The truth about DelDOT funding for Sussex
I’m not sure where rumors start, but when they generate phone calls to representatives and senators, and letters to the editor, it is time to address them. The latest rumor is the perception that Sussex County does not get its fair share of road construction dollars; that we’re shunned in favor of “upstate.” I have even heard that Sussex County was only getting $1.2 million for road construction this year. That is definitely not true! Unfortunately, sometimes perception becomes reality as it is passed around from person to person. I want to set the record straight with facts so everyone knows exactly where we stand when it comes to funding for Sussex County road projects.
In fiscal 2013 (which just concluded on June 30), DelDOT spent $411.9 million (federal and state dollars) on road projects. Of that, $71 million (17 percent) was in Sussex, $207.7 million (51 percent) was in New Castle County and $36.4 million (9 percent) was spent in Kent County. Another $88.2 million (21 percent) was spent on statewide transportation projects. Broken down on a per-resident basis, we were right behind New Castle County in spending ($380 per person versus $374 per person). However, out of the state dollars we spent on transportation projects ($188 million), Sussex received 28 percent, or $45.7 million plus $7.1 million for paving projects.
For this fiscal year, DelDOT is budgeting $588.4 million, with $68 million earmarked for Sussex and another $225 million for statewide transportation projects. Look at some of the large projects that are on the schedule:
Route 1/Route 30 overpass
U.S. 113/Route 16 overpass
Route 1 pedestrian improvements from Rehoboth to Five Points
U.S. 13 intersection improvements in Seaford
U.S. 113 at Millsboro Towne Center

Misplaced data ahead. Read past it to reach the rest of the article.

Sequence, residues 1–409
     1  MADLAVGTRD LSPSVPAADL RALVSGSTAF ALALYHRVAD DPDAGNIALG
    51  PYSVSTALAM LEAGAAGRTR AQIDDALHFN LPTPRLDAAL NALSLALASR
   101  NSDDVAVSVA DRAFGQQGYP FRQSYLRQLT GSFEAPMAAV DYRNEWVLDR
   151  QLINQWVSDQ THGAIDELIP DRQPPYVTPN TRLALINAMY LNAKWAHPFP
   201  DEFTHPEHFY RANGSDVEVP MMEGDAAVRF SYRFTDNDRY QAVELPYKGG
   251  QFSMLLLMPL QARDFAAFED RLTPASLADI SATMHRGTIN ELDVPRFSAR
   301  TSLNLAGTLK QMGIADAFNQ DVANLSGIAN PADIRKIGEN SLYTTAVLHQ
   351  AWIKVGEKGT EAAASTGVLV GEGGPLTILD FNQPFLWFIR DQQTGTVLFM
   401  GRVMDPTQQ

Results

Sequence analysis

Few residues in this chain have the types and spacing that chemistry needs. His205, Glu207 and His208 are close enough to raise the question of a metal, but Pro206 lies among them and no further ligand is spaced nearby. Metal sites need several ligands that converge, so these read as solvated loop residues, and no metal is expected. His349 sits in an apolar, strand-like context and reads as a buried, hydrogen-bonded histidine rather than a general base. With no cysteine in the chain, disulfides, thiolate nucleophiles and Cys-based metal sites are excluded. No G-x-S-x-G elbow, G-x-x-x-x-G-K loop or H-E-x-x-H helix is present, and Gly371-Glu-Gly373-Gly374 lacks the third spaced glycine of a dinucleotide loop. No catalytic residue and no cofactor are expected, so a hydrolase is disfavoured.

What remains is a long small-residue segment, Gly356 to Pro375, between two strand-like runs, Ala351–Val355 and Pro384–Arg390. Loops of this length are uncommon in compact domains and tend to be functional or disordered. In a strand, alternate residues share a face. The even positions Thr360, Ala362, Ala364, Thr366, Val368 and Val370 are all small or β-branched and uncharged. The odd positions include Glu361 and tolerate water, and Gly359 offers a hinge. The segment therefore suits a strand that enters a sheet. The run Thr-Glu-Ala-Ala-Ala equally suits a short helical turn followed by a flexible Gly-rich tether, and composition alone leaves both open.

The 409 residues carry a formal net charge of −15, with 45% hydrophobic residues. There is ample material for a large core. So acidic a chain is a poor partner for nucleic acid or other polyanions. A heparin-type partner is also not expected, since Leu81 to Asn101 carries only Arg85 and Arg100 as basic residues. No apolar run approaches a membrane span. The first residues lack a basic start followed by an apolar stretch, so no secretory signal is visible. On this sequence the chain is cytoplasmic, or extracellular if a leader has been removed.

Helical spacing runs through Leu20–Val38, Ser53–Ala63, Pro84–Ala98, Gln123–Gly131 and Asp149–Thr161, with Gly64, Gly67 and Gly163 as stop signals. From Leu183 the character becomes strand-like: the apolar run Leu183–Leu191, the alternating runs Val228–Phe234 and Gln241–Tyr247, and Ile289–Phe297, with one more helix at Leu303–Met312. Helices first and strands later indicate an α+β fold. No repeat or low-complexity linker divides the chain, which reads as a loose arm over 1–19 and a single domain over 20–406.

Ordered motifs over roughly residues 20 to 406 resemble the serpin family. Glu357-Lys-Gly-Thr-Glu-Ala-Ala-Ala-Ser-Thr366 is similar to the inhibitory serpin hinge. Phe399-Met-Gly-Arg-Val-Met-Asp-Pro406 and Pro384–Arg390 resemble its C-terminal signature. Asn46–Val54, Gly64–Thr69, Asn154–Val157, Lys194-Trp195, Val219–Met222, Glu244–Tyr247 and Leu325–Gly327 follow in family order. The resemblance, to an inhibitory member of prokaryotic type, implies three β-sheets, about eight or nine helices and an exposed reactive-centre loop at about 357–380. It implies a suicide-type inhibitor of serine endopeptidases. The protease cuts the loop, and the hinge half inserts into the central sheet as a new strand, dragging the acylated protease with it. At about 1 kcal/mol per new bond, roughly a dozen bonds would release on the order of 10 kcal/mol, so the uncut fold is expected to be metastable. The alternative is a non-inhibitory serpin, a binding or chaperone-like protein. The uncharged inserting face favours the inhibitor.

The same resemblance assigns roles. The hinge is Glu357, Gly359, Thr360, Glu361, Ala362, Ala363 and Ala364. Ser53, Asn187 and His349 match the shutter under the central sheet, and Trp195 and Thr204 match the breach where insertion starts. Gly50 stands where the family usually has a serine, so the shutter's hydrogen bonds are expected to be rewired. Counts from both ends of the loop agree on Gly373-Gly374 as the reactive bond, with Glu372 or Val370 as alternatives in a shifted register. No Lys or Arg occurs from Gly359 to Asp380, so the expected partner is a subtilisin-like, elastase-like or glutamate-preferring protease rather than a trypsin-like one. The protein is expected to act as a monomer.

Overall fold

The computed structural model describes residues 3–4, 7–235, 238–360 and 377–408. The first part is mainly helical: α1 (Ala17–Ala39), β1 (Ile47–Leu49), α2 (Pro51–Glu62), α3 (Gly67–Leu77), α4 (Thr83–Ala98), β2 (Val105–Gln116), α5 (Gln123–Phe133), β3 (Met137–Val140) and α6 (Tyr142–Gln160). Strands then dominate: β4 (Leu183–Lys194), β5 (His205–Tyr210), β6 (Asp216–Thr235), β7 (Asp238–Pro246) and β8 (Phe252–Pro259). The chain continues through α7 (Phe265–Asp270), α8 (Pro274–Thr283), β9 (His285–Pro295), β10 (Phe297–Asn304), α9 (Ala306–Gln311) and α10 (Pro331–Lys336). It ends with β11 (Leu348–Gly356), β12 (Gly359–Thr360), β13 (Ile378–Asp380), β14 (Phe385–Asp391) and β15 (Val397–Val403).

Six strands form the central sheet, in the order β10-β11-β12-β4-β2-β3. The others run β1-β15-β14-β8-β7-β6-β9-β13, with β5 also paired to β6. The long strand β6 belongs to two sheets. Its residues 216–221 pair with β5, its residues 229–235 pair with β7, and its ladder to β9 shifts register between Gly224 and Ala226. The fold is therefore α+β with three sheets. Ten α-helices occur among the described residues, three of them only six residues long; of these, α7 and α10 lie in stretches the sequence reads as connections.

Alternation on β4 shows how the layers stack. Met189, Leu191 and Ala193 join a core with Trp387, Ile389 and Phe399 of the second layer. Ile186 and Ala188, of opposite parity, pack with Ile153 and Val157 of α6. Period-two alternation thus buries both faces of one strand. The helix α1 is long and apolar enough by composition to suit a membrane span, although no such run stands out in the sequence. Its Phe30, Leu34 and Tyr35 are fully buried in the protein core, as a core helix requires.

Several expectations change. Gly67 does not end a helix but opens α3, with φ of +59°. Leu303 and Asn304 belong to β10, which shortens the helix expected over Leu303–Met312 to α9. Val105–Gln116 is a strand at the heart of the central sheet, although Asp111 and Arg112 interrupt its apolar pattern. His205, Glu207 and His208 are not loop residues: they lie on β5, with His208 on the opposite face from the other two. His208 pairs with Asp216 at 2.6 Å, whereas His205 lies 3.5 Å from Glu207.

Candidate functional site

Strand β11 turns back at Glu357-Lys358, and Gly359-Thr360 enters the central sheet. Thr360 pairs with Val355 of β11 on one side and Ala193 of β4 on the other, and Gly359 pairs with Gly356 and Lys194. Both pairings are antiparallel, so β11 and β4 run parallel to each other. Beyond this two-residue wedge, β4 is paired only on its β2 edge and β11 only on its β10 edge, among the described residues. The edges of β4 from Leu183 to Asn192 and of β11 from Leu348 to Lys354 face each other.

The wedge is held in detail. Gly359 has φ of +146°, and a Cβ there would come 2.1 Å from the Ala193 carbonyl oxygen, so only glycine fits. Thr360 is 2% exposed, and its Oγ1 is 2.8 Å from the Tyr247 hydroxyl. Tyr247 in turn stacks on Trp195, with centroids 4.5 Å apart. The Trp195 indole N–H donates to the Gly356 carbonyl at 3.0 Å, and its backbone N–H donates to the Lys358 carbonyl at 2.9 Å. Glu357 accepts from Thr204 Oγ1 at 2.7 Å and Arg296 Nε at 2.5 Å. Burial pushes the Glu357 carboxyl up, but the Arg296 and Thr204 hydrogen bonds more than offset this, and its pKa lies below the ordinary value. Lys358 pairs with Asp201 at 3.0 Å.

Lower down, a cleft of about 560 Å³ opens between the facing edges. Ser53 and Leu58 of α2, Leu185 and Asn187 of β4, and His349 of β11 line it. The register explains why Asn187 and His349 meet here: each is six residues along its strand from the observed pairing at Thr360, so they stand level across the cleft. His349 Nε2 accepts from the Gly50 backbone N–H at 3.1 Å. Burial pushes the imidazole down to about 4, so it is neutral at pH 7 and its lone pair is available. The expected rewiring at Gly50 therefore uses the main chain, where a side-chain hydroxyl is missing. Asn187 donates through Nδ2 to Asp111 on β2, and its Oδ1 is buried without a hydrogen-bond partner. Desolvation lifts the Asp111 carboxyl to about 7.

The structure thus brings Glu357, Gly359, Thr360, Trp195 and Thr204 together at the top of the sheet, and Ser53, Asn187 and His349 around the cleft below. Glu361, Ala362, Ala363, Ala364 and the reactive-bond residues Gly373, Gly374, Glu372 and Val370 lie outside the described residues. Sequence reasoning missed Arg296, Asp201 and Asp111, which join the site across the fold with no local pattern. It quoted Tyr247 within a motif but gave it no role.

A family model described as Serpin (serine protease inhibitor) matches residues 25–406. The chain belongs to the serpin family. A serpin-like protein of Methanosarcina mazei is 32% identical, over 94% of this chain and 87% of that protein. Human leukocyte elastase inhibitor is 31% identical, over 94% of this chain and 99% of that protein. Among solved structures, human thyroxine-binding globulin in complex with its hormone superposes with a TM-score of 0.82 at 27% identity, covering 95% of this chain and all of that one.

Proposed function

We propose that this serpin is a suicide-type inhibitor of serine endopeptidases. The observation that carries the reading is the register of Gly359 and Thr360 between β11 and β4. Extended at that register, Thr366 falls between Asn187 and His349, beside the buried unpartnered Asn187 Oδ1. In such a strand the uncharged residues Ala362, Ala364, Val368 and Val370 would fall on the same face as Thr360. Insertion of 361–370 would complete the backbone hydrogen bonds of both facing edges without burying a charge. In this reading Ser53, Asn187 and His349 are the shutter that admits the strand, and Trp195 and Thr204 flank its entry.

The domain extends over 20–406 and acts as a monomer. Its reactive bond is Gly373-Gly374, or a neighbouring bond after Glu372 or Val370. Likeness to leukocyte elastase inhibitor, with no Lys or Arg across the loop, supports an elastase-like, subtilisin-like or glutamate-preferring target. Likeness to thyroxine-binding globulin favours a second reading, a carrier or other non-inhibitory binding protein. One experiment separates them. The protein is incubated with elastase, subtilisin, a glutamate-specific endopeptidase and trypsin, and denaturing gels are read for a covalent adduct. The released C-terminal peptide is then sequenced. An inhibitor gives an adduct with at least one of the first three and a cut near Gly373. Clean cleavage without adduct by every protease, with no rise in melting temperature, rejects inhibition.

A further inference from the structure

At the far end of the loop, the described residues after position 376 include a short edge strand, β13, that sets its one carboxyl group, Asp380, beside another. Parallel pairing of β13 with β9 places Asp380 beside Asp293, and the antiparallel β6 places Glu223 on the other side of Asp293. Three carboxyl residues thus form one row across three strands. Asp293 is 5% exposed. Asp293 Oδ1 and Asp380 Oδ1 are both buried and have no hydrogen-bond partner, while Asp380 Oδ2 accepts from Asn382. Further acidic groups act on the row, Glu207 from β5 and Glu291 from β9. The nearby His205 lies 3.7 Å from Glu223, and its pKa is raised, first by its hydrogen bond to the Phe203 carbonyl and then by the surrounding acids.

Indian River Inlet bridge improvements and park enhancements
Route 24 improvements
U.S. 9 and Route 5 intersection improvements
More than a dozen small bridge repairs/replacements
SR 26 improvements from Bethany to Clarksville
Plantation Road, Postal Lane and Cedar Grove Road realignment and signalization.
I think you can see that Sussex is getting its fair share of road construction dollars. This might still not seem like a lot to some, but all you have to do is look at some of the larger road projects that we were able to fund in eastern Sussex County and mostly in the 14th District in the last 10 years:
SR 54 - Over a two-year project where they actually elevated the roadway to alleviate flooding and re-engineered the roadway from Fenwick Island to Williamsville
Replaced the Indian River Inlet bridge and made enhancements to the Seashore State Park
Rehoboth Streetscape Project - re-engineered Rehoboth Avenue from the bridge to the Boardwalk and buried all of the utilities
A new concrete-based, mile-long Boardwalk in Rehoboth
S R 1 improvements - Created a third lane in both directions with a dedicated bus lane, redesigned the entrance into Rehoboth, improvements to SR 24 between SR 1 and Plantation Road
Installation of traffic signals on Plantation Road near Lowe’s and on Church Street going into Rehoboth
Total reconstruction of SR 1 in the Forgotten Mile with sidewalks and shoulders.
Road construction dollars are not divvied up evenly by county. Those dollars are assigned based on road projects funded throughout our state.
For the past two years, the biggest road project in the state is the I95/Christiana exchange, which has a large price tag, so a larger percentage of the available money is going to New Castle County.
But, Sussex County is not being slighted. None of the projects listed above, both past and present, were cheap. They cost hundreds of millions of dollars. Sussex County has actually fared very well getting its fair share of road construction dollars during the past 10 years and we will continue to do so in the coming years.
Rep. Pete Schwartzkopf